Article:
The Election Commission on Thursday told the Supreme Court that a candidate who files a false affidavit at the time of filing his nomination paper does not attract disqualification even if convicted for the offence by a court.
The Election Commission told the bench of Justice J. Chelameswar and Justice S. Abdul Nazeer that under Section 125A of the Representation of People Act, the total punishment for filing a false affidavit at the time of filing nomination is six months, or fine or both and this is well short of the requirement of minimum of two years of sentence for attracting disqualification under Section 8A of the electoral act.
The commission told the court that as a part of electoral reforms, it had, on February 3, 2011, recommended to the Central government to amend Section 125A and enhance the sentence for filing a false affidavit to two years but nothing has been done so far.
Senior counsel Meenakshi Arora said that the punishment of six months does not attract Section 8A, even as under Section 193 of the Indian Penal Code, a person is who gives or fabricates false evidence is punishable with a sentence of up to three years.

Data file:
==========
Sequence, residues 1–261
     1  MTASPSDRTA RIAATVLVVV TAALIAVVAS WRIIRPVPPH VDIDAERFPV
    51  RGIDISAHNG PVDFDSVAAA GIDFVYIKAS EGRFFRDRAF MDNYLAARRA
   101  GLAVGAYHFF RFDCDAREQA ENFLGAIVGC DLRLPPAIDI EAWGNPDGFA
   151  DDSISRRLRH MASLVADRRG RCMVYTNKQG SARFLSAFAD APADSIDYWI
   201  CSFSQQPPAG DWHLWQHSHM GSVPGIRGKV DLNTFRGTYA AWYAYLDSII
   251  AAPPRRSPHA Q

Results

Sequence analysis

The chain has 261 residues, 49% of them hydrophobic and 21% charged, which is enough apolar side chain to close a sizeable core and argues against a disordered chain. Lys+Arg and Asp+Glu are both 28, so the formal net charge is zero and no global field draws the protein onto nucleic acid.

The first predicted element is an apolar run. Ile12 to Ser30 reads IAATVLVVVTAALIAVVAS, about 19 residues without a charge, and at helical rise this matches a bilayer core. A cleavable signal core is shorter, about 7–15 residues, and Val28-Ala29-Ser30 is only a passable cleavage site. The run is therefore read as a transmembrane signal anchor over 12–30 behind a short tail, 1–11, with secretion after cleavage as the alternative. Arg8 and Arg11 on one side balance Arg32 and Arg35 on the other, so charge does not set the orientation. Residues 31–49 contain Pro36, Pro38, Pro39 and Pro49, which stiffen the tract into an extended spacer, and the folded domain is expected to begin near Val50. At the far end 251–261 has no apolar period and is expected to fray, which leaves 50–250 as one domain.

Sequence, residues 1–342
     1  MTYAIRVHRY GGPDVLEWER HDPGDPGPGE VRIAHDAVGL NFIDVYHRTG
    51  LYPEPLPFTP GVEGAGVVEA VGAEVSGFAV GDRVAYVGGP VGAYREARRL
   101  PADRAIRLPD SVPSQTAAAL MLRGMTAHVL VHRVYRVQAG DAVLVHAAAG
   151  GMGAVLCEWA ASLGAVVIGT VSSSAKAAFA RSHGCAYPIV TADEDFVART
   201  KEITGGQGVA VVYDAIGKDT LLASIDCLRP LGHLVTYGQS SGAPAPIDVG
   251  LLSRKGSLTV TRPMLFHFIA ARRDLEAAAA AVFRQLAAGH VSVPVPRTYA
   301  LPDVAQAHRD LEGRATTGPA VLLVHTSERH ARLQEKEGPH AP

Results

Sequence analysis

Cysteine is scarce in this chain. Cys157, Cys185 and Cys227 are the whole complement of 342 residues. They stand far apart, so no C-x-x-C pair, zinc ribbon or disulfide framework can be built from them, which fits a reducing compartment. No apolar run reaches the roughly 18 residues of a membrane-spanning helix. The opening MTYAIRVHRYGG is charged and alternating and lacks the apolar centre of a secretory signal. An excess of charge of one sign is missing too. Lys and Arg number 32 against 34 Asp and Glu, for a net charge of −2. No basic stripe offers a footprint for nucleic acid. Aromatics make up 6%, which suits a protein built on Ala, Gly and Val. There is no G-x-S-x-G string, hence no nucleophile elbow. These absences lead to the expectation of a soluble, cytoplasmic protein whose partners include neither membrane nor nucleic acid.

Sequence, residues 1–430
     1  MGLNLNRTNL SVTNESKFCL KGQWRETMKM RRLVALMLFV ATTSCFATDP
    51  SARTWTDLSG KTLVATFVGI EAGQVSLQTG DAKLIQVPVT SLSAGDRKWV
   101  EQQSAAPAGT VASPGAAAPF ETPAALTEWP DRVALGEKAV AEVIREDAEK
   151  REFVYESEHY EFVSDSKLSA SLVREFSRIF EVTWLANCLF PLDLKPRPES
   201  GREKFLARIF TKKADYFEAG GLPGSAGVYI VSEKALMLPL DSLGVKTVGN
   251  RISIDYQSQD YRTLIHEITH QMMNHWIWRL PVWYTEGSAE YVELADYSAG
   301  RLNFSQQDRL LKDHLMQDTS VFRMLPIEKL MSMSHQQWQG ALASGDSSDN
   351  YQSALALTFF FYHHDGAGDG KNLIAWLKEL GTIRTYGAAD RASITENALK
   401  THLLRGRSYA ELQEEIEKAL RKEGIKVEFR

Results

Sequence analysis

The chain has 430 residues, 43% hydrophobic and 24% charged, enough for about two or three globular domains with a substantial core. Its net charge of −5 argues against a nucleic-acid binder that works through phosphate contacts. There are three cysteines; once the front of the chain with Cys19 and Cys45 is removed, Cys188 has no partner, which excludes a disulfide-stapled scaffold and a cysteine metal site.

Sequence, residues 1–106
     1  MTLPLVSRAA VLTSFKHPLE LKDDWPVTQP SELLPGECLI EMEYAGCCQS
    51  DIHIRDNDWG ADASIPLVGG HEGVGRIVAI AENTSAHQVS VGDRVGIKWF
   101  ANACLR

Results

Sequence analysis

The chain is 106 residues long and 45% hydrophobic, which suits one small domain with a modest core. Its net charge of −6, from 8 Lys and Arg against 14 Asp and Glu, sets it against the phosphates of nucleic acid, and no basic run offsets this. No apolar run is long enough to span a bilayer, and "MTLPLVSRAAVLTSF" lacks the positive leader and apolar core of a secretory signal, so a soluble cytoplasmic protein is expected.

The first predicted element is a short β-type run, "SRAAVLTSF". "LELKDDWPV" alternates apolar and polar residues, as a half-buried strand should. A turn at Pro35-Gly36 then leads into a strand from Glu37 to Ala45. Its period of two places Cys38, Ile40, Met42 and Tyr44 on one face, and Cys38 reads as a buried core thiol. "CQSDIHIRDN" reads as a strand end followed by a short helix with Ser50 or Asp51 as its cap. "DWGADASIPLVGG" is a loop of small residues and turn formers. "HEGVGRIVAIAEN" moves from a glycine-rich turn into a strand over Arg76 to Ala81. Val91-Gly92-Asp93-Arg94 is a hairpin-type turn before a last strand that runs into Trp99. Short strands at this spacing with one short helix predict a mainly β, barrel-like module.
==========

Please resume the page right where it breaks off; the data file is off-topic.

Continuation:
The only distinction between two situations is that before a regular court, it is treated as a judicial proceedings, which is not the case at the time of filing false affidavit before the returning officer at the time of elections, she said.
The court was hearing a PIL by NGO Lok Prahari seeking wide range of direction including the disclosure of the sources of income of the candidate, his spouse and dependent children including any subsisting contracts with the government, so that a voter can make an informed choice at the time of elections.
The NGO and the Association of Democratic Reforms have cited instances of lawmakers in parliament and in the state assemblies whose assets increased many folds during their tenure as law makers.